These effects are not noticeable in a studio environment. Different materials have different absorption effects at multiple frequencies. The effect is that high frequencies are more easily blocked or absorbed while low frequencies are essentially omnidirectional. maintaining the sound in a room for a time even after the direct sound has stopped. it is possible to notice the individual instruments are “muddy” in the low end response. this happens at low frequencies due to their longer wavelengths and the difficulty of absorbing them. Refraction – The bending of a sound wave as it passes through some change in the density of the transmission environment.Microphone Techniques for RECORDING Sound Transmission – It is important to remember that sound transmission does not normally happen in a completely controlled environment. Reflection – A sound wave can be reflected by a surface or other object if the object is physically as large or larger than the wavelength of the sound. Diffraction – A sound wave will typically bend around obstacles in its path which are smaller than its wavelength. it is usually necessary to do some sound treatment to the walls and possibly build some isolating gobos for recording purposes. Unfortunately. 29 . Standing waves in a room occur for certain frequencies related to the distance between parallel walls. Higher frequencies can be reflected by smaller objects and surfaces. or it may be due to atmospheric effects such as wind or temperature gradients. Reverberation consists of many reflections of a sound.000 Hz frequencies applied to it. 2. it is possible to separate or isolate the sounds being recorded. 3. floor. When isolating two instruments in one room with a gobo as an acoustic barrier. ceiling and various isolation barriers. This would mean the material absorbs 67% of the 1. Typically. The best way to do this is to put the different sound sources in different rooms. For instance: a material may have an absorption coefficient of .000 Hz. The reflected sound will have a different frequency characteristic than the direct sound if all sounds are not reflected equally. This may be due to diffraction of low frequencies around the acoustic barrier.67 at 1. Many small studios assume they can save money and achieve the desired absorption effect by using inexpensive carpet. Because low-frequency sounds have long wavelengths. This change may be due to physical objects. they can only be reflected by large objects. reverb. Because a low frequency sound wave is much longer than a high frequency wave. All of these effects can alter the sound before it actually arrives at the microphone. In a recording studio. The original sound and the reflected sound will begin to reinforce each other when the wavelength is equal to the distance between two walls. low frequencies will bend around objects that high frequencies cannot. and even one sound source in a room by itself is subject to the effects of the walls. multiple rooms are not always an option in studios. Each material is measured with an absorption coefficient ranging between 0-1 (sabins). This is a bad assumption. This can be thought of as the percentage of sound that will be absorbed. Applications Tip: In the study of acoustics there are three basic ways in which sound is altered by its environment: 1. Absorption is the changing of sound energy into heat as it tries to pass through some material. Here is a chart showing the advantages of acoustic foam over bare walls or carpeting. and standing waves: Echo occurs when an indirect sound is delayed long enough (by a distant reflective surface) to be heard by the listener as a distinct repetition of the direct sound. though. Absorption (beware of carpets!) When building a project studio or small commercial studio. This provides almost complete isolation and control of the sound from the voice or instrument. such as blankets hung for isolation or thin gobos. Reflection is also the source of echo.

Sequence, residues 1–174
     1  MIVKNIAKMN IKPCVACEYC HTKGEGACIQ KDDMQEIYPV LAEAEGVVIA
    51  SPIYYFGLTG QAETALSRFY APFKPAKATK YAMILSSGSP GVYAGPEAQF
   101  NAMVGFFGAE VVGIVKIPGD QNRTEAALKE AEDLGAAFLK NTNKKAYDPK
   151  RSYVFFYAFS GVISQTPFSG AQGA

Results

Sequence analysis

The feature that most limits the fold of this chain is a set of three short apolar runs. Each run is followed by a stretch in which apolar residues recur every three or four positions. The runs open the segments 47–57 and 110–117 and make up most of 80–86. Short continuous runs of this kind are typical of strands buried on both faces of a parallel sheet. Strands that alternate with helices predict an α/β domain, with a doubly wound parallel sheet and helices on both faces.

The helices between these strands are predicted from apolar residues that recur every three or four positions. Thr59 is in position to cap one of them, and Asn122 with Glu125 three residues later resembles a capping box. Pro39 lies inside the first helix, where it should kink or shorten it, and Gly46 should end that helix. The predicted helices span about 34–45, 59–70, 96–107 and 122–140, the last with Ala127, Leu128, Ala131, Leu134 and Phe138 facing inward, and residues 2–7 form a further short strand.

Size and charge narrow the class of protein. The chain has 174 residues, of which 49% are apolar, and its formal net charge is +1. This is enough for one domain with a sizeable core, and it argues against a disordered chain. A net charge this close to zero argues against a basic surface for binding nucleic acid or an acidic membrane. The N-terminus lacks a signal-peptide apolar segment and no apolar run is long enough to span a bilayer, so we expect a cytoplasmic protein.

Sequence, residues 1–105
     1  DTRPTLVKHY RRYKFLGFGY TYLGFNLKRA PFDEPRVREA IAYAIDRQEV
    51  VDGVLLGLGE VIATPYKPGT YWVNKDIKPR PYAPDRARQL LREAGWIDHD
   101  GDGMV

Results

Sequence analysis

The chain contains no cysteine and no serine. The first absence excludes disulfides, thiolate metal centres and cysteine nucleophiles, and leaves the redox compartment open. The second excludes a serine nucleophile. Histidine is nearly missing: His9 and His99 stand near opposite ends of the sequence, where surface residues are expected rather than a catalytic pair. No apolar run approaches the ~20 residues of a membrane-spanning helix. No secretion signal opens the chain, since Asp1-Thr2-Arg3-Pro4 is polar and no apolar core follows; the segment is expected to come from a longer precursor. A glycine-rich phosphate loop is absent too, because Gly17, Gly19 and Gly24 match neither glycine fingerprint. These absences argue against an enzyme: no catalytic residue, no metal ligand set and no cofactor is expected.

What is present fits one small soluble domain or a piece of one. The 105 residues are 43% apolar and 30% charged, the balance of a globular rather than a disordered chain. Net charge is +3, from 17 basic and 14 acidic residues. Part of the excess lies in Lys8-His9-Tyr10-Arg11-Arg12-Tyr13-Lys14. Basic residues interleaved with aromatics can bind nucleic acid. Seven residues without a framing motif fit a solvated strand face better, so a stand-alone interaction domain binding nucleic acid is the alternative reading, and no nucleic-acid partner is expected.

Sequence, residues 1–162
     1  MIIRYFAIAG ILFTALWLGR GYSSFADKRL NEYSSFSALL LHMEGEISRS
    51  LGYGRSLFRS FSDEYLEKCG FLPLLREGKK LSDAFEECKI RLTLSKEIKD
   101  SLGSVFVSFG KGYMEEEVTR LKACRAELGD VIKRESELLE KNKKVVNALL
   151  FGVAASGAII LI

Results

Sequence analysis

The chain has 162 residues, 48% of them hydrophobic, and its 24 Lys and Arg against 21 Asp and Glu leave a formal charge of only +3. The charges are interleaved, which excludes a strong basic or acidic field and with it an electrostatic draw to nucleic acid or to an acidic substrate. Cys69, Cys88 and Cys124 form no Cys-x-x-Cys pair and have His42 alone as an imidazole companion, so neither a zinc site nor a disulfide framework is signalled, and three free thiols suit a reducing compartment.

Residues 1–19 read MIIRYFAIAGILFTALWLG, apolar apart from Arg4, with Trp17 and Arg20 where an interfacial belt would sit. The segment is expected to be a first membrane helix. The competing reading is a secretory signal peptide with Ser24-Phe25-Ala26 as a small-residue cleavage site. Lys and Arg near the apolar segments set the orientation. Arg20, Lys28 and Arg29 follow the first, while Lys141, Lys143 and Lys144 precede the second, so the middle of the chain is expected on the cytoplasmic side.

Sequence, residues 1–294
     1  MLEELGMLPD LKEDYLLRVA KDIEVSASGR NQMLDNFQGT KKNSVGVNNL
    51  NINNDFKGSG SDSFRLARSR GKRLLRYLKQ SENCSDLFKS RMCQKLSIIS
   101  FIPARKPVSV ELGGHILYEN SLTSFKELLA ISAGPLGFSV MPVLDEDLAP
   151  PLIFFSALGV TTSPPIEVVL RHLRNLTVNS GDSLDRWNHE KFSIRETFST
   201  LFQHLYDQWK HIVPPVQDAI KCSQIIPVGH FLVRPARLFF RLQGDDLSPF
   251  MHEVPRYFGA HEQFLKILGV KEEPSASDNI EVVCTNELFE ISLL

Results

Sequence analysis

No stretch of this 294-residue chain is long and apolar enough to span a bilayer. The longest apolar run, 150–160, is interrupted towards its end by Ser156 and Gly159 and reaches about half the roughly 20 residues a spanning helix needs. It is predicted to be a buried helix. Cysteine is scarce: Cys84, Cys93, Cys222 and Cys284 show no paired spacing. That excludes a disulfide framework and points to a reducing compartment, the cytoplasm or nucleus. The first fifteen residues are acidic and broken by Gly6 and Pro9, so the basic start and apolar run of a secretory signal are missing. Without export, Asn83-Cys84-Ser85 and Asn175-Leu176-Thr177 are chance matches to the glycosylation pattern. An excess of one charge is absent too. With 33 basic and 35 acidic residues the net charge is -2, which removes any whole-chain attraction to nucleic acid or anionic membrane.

This is a noticeable audible decrease. Phase relationships and interference effects – The phase of a single frequency sound wave is always described relative to the starting point of the wave or 0 degrees. forcing closer placement of the microphone to the source. This is why the ambient sound of the room will become increasingly apparent as a microphone is placed further away from the direct sound source. the ambient sound will begin to dominate the recording and the desired balance may not be possible to achieve. However. On the other hand. a complete cancellation at all frequencies if the waves are 180 degrees “out of phase”. if the microphone is placed beyond a certain distance from the sound source. When the distance is cut in half the sound level increases by 6dB: It will be 106 dB at 6 inches and 112 dB at 3 inches. 88 dB at 4 ft. and the two waves will cancel each other completely. When identical multiplefrequency soundwaves combine. The peak of the low pressure zone is at 270 0 90 180 270 360 degrees. This is because the ambient sound has been reflected many times within the room until it is essentially non-directional. This is called the “critical distance” and becomes shorter as the ambient noise and reverberation increase. there are three possibilities for the resulting wave: a doubling of amplitude at all frequencies if the waves are “in phase”. 82 dB at 8 ft. if the sound from a guitar amplifier is 100 dB SPL at 1 ft. no matter what type of mic is used. Ambient Sound – A very important property of direct sound is that it becomes weaker as it travels away from the sound source. at a rate controlled by the inverse-square law. the resulting wave as said to have “phase shift” or an apparent starting point somewhere between the original starting points. For example. 30 . This new wave will have the same frequency as the original waves but will have increased or decreased amplitude depending on the degree of phase difference. or partial cancellation and partial reinforcement at various frequencies if the waves have intermediate phase relationship. Reverberation is an example of non-directional sound. When the distance from a sound source doubles. Most soundwaves are not a single frequency but are made up of many frequencies. The amount of direct sound relative to ambient sound can be controlled by the distance of the microphone to the sound source and to a lesser degree by the polar pattern of the mic. the ambient sound in a room is at nearly the same level throughout the room.Microphone Techniques for RECORDING +1 +2 0 Direct vs. from the cabinet it will be 94 dB at 2 ft. The peak of the high pressure zone is at 90 degrees. ▲ ▲ 0 0 0 0 0 “in-phase” -1 +1 0 -1 + = 0 a -2 +1 0 ”1800 out of phase” -1 +1 0 -1 + = 0 b +1 0 -1 +1 0 -1 +2 +1 “phase shifts” + = 0 -1 -2 c Phase relationships Two identical sound waves starting at the same point in time are called “in-phase” and will sum together creating a single wave with double the amplitude but otherwise identical to the original waves.. The pressure change is also one cycle or one period zero at this point. etc... and the pressure change rises to zero at 360 Sound pressure wave degrees for the start of the next cycle. Phase shift. Two identical sound waves with one wave’s starting point occurring at the 180degree point of the other wave are said to be “out of phase”. and the pressure change falls to zero again at 180 degrees. in this case. indicates that the 0 degree points of two identical waves are not the same. the sound level decreases by 6dB. When two sound waves of the same single frequency but different starting points are combined.